[The Angle] Battle for Eyeballs: Online Media in the 2015 ElectionSep 11, 2015 at 2:01 am | Hits: 4176
By Tan Tarn How, Tng Ying Hui and Andrew Yeo
Compared to the 2011 election, GE2015 has seen a flowering of new political media sources online. The mainstream media online websites and old players such as The Online Citizen (TOC) and Yawning Bread are still there. But the last four years have seen very pro-PAP entities coming on stream as well as those in the middle of the political spectrum, such as Mothership.sg, The Middle Ground, Six-Six and Inconvenient Questions (IQ). This is a further normalisation of the political cyberspace.
But existence is different from impact. As demonstrated by the IPS’ 2011 post-election survey of media use, the online frenzy did not mean that everyone was reading or sharing election material, especially from alternative, non-mainstream websites.
This time round, more people seemed to be reading both mainstream and alternative websites, as well as posting their own views on Facebook or as comments to articles. In 2011, only 15 per cent of people used SMS to share election information, but this time round, anecdotal evidence suggested that the use of WhatsApp to talk politics was more widespread. All these can only be confirmed from a second media use survey IPS is conducting right after polling day.
Meanwhile here are some initial observations that we made of the online space, in the run-up to polling day:
1) More issues were discussed and discussed in all sorts of ways. The content and style range from the very deeply serious to the entertaining. Some sites mixed weighty subjects with light treatment, including Mothership.sg, The Middle Ground (TMG), TOCTV (the video channel of TOC).
2) The relative reach of sites (how popular they are compared to each other) can been seen from their ranking on services such as Alexa and SimilarWeb. Singapore political news media sites are ranked as follows compared to all other Singapore sites¹:
Table 1: News Media site Rankings
¹ SimilarWeb takes into account number of unique visitors to a site and page views. The page views are for August and only includes views from desktop computers. Alexa’s ranking uses a combination of average daily visitors and pageviews over the past month. Does not provide data for Yahoo SG.
We do not know why AllSingaporeStuff has such different rankings on both. This website is similar to the sensationalist and questionably accurate TheRealSingapore, which closed down recently on government orders.
3) Definite data on absolute reach of the sites (that is, what proportion of people are reading, writing and sharing them) must await the survey. Mothership.sg editor Belmont Lay described the surge in viewership in the last two weeks as a “tsunami’. Its top three articles were:
The articles together “pulled in half a million page views,” said Mr Lay.
4) Each of the following politicians had election-related videos garnering a total of over 500,000 views, not small in a 2.46 million electorate: PAP leader Lee Hsien Loong, WP chief Low Thia Khiang, SDP chief Chee Soon Juan, and PAP candidate Sim Ann. Note that viewership does not translate to popularity, as some of the videos could have been watched for the less than flattering aspects of the candidate. As for individual videos, these went viral on social media:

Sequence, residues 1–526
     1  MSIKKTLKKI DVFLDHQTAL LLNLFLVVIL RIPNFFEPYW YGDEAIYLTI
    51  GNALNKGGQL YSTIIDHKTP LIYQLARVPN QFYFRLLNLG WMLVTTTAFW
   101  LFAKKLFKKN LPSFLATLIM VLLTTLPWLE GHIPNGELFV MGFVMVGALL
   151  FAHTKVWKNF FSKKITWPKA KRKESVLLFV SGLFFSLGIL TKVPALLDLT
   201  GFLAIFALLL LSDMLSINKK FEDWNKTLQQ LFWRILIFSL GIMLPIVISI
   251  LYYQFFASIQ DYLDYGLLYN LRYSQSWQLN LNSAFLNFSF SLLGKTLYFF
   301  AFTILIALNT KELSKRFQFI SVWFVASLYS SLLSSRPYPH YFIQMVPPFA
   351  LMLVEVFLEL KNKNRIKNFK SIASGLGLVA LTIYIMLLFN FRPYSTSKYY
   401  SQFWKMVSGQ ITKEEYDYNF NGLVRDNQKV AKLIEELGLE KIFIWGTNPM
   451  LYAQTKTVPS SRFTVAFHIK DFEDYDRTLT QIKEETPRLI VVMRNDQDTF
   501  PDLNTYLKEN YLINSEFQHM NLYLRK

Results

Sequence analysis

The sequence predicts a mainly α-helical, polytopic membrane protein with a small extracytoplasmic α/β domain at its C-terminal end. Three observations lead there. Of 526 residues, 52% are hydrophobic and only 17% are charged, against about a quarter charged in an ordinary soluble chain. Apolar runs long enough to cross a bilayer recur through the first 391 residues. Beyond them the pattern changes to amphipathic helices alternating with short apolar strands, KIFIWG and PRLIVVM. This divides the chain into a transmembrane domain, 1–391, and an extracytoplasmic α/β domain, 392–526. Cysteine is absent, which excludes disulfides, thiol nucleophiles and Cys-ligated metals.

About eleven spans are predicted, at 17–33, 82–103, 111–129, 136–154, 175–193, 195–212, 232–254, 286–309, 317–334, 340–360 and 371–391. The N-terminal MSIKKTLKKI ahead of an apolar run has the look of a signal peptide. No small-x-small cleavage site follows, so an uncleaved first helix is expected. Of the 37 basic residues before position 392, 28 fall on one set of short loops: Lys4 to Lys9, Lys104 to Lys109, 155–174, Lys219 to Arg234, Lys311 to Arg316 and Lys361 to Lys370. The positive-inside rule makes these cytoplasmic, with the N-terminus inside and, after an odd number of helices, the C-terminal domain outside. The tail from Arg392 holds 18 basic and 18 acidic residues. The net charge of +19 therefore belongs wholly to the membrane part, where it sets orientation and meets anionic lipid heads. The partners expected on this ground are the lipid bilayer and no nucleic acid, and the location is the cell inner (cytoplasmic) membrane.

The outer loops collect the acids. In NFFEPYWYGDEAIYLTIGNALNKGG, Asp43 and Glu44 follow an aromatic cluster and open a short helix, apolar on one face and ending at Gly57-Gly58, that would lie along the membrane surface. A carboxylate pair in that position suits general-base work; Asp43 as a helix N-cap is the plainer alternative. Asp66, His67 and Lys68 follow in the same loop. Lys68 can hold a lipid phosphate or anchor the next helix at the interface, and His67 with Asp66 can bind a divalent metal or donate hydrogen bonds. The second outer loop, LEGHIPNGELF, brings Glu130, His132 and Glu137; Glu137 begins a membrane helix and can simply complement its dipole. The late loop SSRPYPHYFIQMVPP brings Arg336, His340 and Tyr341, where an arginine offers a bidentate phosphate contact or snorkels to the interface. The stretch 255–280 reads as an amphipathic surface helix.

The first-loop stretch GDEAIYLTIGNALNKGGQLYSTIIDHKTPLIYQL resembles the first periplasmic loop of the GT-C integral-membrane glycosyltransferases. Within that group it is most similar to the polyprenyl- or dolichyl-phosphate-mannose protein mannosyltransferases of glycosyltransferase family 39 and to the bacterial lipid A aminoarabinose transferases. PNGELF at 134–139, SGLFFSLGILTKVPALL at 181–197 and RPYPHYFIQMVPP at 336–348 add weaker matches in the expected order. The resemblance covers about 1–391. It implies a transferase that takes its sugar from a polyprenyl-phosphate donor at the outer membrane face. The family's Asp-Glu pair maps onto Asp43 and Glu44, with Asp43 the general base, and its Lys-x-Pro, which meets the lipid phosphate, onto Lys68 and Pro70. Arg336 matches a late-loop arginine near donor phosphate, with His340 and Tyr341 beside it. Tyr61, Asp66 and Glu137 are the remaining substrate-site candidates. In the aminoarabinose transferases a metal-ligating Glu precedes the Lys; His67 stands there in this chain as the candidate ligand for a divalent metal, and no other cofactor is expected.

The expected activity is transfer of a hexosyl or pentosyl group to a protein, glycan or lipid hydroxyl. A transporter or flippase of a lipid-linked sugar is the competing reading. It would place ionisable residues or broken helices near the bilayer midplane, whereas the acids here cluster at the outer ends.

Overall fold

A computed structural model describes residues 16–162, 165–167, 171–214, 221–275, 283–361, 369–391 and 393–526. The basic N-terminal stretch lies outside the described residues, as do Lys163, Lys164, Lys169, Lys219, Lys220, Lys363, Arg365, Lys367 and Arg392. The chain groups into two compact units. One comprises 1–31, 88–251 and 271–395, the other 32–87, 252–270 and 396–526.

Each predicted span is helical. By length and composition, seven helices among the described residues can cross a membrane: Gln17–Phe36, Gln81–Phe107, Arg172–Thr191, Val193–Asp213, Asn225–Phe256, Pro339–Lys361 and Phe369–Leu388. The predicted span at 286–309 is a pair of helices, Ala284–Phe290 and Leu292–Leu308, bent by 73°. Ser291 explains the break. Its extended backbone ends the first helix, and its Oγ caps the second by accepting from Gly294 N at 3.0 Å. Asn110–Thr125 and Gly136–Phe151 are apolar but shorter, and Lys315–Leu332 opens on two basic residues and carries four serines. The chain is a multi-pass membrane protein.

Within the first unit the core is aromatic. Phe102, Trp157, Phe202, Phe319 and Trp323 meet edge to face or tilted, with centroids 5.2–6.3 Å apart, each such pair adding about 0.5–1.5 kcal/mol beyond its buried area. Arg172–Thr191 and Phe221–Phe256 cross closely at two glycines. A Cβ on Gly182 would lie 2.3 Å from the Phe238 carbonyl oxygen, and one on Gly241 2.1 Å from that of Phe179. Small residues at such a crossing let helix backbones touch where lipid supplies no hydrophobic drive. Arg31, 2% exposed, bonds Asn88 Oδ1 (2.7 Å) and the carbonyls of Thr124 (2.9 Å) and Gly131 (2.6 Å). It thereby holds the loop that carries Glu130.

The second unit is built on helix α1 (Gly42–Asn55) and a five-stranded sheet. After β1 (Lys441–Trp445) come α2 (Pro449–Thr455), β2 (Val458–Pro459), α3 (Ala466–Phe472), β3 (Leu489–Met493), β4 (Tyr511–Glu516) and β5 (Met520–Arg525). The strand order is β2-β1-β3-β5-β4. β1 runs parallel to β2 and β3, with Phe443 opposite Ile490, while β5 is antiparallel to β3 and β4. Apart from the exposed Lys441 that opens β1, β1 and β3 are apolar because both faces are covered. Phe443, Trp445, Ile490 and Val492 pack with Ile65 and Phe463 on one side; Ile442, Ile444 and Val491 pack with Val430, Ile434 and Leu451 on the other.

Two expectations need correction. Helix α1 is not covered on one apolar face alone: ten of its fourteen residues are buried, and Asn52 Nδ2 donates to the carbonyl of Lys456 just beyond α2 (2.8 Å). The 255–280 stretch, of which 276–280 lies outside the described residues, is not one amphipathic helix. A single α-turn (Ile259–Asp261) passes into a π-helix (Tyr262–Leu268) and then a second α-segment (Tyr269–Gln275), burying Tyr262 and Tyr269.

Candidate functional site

a) PM Lee Hsien Loong’s speech at the UOB Plaza lunchtime rally, 8 September, 560,000 views
b) Ms Sim Ann’s “chut pattern” speech attacking Dr Chee Soon Juan, 7 September, 418,000 views
c) Dr Chee Soon Juan’s first speech, 3 September, 224,000 views (not including the 300K for an earlier video of the same that has been taken down).
d) The documentary by filmmaker Tay Bee Pin about Dr Chee and his family, Behind The Man, released just before Nomination Day. So far, it has been viewed 305,000 times. These videos played a large part in the resurgence of Dr Chee among voters.
e) DPM Tharman Shanmugaratnam’s speech at Jurong GRC, 5 September, 294,000 views
f) Mr Low Thia Khiang’s Teochew speech, 2 September, 191,000 views
5) Bertha Henson, founder of the three-month old The Middle Ground, which has brought a serious yet often quirky take on events, told us that the site had gotten 114,000 views since the writ of the election. Its most popular article was a piece on PAP hopeful Ong Ye Kung, which got 6,000 views.
6) IQ is home to the old-style extended political discourse that its head Viswa Sadavisan calls “boutique” journalism. Its videos of debates that go for over an hour-and-a half attracted over 17,000 views, a respectable figure given the form and format. IQ said its website on 9 September pulled in over 35,000 page views, the same day it ran a discussion on how mainstream and alternative media have covered the GE ².
The above does not discuss why some content or websites are popular. It also leaves out the question of how content is changing people’s knowledge, opinions and perceptions, and of course the big question, how it influences their vote. The above also does not take into account the scale and the impact of other aspects of new media, for instance, Facebook and WhatsApp. In particular, the role of smart phones needs to be investigated. Lastly, and perhaps most importantly, it leaves out what is the most important question: how social media impacted politics in Singapore in this election, and how it will do so in the long run.
² Views expressed during the discussion included those from former senior reporter Ramesh Subbaraman and ex-senior civil servant Bhavani Krishnasamy. Their comments were at 29:12 of the video clip.
Tan Tarn How is a Senior Research Fellow at IPS. View his profile here. Tng Ying Hui and Andrew Yeo are Research Assistants.